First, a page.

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Bureau of Alcohol, Tobacco, Firearms and Explosives
Our History

Machine Guns Historic Case

Internet Arms Trafficking

The Crime and Investigation

In 2002, confidential intelligence sources informed ATF Agents of an Argentinean suspect brazenly selling machineguns, silencers and conversion kits over the Internet. These firearms were being illegally imported into the United States and other countries. ATF Agents quickly established e-mail contact with the suspect and ordered machineguns and silencers, which were mailed disguised as machine parts.

Through innovative investigation techniques, ATF was able to positively identify the suspect and secure search warrants for postal records, electronic financial records and Internet service providers. The investigation concluded that the suspect had been in business since 1999, and had sent or received over 6,500 e-mail messages within a 30-day period. The U.S. Customs Service assisted in this investigation.



Glock Switch

A relatively simple, albeit illegal, device that allows a conventional semi-automatic Glock pistol to function as a fully automatic firearm. The switch is classified as a machinegun under federal law.


The Arrest and Adjudication

ATF Analysts estimated that the suspect sent hundreds of illegal weapons into the United States. In 2003, a nationwide roundup resulted in dozens of arrests and the seizure of 24 machineguns, 16 silencers, six pipe bombs, seven converted Glock handguns, nine Glock converter switches, three short-barreled rifles and thousands of rounds of ammunition.

The suspect was charged with various violations of federal law and the Office of the United States Attorney prepared a request for extradition. The Argentinean government declined this request because, using ATF’s investigative report, Argentinean authorities arrested and jailed the suspect for violations of that country’s own firearm laws.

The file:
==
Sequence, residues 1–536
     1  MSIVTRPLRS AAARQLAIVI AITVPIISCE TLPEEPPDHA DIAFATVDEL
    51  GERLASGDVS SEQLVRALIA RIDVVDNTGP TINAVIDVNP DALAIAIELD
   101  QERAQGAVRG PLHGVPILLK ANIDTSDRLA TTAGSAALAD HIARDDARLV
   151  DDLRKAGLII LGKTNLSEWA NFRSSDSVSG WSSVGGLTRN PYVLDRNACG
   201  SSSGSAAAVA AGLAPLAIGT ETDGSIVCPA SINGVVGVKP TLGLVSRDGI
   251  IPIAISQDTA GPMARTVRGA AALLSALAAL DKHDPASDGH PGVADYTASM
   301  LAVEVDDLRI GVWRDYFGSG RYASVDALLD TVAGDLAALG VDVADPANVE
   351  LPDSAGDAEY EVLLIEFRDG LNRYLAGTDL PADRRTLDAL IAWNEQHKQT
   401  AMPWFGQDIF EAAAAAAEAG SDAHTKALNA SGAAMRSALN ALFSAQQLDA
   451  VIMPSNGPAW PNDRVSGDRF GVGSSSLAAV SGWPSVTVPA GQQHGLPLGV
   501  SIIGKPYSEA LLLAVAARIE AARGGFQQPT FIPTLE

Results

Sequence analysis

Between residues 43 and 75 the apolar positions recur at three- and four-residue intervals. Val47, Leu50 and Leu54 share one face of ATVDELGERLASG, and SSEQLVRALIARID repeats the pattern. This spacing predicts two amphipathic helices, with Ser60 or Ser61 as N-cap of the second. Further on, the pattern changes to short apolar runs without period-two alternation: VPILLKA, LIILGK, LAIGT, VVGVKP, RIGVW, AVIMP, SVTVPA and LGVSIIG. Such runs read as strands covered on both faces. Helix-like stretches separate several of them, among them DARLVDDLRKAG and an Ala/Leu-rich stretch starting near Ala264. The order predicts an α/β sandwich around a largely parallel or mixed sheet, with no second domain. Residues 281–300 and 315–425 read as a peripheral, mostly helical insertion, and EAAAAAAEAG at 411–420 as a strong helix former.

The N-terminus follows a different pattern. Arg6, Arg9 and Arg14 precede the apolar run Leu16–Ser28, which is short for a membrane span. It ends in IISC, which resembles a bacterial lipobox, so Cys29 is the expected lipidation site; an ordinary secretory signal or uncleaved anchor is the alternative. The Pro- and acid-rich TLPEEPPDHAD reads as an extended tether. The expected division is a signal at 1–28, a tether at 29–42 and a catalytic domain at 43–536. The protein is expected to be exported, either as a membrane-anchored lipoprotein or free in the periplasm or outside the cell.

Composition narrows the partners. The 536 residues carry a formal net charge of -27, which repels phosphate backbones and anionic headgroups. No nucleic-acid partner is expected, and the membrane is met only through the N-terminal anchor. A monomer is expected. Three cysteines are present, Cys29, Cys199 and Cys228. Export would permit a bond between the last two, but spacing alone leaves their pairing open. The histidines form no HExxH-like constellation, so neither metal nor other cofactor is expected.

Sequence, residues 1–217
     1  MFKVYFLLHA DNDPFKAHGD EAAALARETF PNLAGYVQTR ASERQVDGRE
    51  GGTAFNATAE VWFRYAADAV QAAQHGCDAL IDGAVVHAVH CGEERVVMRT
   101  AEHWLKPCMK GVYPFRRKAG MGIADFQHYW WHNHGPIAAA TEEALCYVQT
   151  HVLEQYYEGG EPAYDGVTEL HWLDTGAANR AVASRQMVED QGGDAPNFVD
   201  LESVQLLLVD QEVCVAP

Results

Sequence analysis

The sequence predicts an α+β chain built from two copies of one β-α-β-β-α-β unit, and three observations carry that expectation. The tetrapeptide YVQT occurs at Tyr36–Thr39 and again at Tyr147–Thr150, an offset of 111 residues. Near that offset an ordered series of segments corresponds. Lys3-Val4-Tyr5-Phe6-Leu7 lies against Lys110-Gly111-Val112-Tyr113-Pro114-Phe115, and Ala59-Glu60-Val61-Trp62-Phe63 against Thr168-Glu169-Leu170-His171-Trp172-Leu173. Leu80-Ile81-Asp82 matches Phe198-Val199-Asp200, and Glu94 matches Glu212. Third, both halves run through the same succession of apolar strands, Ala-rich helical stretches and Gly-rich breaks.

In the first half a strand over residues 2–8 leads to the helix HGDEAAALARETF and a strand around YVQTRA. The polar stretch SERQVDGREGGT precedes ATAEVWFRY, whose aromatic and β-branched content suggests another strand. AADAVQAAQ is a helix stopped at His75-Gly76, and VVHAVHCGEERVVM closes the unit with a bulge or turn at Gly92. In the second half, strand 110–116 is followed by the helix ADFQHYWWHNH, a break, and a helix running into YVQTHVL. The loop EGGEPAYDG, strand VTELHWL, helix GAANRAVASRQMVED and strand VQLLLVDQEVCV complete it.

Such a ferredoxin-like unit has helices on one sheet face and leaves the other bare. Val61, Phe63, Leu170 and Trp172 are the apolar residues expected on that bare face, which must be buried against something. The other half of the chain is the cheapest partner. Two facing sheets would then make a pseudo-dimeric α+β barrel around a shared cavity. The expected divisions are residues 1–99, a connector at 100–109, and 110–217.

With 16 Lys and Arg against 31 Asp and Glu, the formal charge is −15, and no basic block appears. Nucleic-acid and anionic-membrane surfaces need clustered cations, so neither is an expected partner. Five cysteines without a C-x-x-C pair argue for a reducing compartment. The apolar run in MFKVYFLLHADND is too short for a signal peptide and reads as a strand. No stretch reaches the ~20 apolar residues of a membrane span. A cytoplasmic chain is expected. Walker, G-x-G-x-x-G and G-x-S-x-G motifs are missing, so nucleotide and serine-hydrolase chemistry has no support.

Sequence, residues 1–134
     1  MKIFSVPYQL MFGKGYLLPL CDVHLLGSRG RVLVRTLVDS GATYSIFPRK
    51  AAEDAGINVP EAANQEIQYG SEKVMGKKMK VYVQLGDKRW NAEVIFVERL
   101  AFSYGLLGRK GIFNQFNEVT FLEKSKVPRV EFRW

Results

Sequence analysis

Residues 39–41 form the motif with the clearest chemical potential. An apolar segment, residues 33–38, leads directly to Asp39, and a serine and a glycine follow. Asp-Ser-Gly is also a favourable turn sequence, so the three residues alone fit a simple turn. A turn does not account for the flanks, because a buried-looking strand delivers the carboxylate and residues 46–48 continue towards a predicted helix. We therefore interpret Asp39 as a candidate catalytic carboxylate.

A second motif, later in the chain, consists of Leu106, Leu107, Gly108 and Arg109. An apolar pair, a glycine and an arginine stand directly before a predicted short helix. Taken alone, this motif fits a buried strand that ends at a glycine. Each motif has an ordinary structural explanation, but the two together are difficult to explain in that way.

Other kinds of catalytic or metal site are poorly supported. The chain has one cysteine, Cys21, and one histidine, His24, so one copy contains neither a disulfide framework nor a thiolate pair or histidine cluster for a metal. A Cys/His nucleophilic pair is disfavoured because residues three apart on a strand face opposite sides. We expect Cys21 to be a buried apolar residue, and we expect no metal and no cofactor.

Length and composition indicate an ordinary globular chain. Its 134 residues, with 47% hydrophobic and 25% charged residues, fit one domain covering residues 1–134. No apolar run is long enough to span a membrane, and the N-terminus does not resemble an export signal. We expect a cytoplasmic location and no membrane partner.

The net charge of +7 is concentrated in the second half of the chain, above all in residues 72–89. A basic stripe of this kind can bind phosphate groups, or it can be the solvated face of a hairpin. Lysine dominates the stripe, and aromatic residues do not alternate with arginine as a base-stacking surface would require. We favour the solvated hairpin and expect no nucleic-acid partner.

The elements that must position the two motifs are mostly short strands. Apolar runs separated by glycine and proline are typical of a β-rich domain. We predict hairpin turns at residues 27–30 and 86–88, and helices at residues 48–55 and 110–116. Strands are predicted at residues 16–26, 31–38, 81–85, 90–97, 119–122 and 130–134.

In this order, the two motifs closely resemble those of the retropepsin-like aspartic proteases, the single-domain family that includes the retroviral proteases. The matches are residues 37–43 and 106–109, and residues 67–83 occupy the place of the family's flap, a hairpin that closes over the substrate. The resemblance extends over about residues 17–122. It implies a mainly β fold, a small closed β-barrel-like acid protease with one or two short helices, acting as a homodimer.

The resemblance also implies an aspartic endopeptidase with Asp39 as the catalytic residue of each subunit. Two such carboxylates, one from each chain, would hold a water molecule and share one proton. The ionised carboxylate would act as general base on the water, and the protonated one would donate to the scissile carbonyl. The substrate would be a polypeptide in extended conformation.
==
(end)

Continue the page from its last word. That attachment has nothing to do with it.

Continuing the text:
Kehoe Brothers

The Muellers

In 1996, William and Nancy Mueller and their 8-year old daughter Sarah were brutally murdered. Their handcuffed bodies were found in a lake. Agents later recovered a compatible handcuff key from Chevie Kehoe’s home.



The Crime and Investigation

Brothers Chevie and Cheyne Kehoe, their father, Kirby, and accomplices Daniel Lee and Faron Lovelace were devoted members of the Aryan Peoples’ Republic, a white supremacist organization. They spent the period between 1995 and 1997 engaged in criminal activities that promoted and funded the organization.

Their collective crimes, conducted across a five-state area, included multiple murders, kidnappings, firearms violations, robbery and violent shoot-outs with police, using a portion of the loot to purchase an Idaho property for a training base. In 1996, Chevie Kehoe and Lee robbed and viciously killed a Federal Firearms Licensee, William Mueller, and his family. Local, state and federal law enforcement agencies collaborated in a series of investigations culminating with the five suspect’s arrests.

The Arrest and Adjudication

Chevie and Cheyn Kehoe’s mother, in fear for her own life contacted ATF Agents with invaluable information that helped lead to the arrests. She also was an important witness at the subsequential trial. All five defendants were convicted in state or federal courts. Kirby Kehoe pled guilty and received 44 months imprisonment. Cheyne Kehoe got a sentence of 24 years. Chevie Kehoe and Daniel Lee were both convicted of murder, with Kehoe getting life imprisonment and Lee the death penalty. Faron Lovelace was also convicted of murder and sentenced to death.